Jack Dawson was a smoker. The part of a star-crossed Titanic passenger was far from Leonardo DiCaprio’s first foray into Read more →
Strata Review: Minimalist Trial-and-Error
Simplicity is king in Strata. All Strata consists of is a thatched tan background, colored squares and ribbons, and soft pianos and strings that play only when you click. Aesthetically and aurally it’s quite a minimalist accomplishment. This design tenet carries through to the puzzle gameplay as well but it doesn’t have the same soothing effect. Instead, the simple gameplay isn’t elegant, it’s tedious, feeling more geared towards trial-and-error than strategy.
Each level presents you with a set of squares with varying colors. You must fill the whole grid by laying down ribbons from two adjacent sides. The catch is that the color of the top ribbon for each square must match the color of the square beneath it. It sounds complicated but it actually becomes easy to grasp after the first few levels.
It’s an interesting concept but it lacks the magical “Aha!” moment that all great puzzle games have. That moment during a puzzle, after you’ve been trying over and over and you think to yourself that surely you’ve tried everything, and then all of sudden it all clicks into place in your head. That feeling of sudden clarity and understanding is the best moment of any puzzle game and Strata lacks them completely.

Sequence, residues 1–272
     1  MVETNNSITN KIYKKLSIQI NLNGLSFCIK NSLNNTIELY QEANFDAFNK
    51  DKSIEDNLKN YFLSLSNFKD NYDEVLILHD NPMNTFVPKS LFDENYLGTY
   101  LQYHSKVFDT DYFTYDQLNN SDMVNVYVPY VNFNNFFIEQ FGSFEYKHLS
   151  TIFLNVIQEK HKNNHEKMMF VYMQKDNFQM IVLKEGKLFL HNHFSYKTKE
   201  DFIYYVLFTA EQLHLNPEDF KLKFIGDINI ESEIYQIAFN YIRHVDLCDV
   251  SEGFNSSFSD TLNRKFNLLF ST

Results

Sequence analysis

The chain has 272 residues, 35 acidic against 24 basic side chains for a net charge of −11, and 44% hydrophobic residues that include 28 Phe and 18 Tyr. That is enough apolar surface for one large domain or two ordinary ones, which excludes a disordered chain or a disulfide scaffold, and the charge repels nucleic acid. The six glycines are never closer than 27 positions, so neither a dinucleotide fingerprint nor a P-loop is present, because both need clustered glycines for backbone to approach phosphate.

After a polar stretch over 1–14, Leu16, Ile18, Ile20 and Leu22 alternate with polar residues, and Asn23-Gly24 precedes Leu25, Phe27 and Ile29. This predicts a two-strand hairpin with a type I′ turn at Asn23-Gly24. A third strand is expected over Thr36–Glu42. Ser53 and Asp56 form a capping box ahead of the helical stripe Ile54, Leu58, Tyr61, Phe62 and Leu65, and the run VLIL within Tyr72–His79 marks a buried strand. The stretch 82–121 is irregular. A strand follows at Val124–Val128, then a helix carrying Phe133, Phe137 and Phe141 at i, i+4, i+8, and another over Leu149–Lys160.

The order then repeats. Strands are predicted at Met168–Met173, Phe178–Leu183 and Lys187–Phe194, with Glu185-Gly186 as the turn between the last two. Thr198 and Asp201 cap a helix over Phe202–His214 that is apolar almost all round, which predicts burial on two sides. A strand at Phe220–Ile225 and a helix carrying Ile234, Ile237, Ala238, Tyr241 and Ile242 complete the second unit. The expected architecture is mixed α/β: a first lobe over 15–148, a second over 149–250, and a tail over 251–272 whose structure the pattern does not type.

Instead, each level consists of laying down some ribbons, realizing where you’ve made a mistake, undoing the ribbons to the moment where you made the mistake, fixing it, and relacing the squares again. Every level is the equivalent of lacing your shoes only to get to the top and realize you missed a loop at the bottom.
The designs never evolve past this starting concept either. There are no challenges or mechanics added throughout the game to change how you approach puzzles. The only way difficulty is ramped up is by adding more colors and more squares. It’s a testament to their simple design philosophy but it also means that the game’s problems never change or alleviate throughout each set of levels.
It’s also strangely glitchy for a puzzle game. Multiple times while navigating the menus text would end up layered on top of each other in a jumbled mess. Sometimes the back button would disappear and hitting escape would only cause the screen to twitch and do nothing. A number of times I couldn’t even exit out of the game unless I switched to the desktop and exited out of it from the taskbar.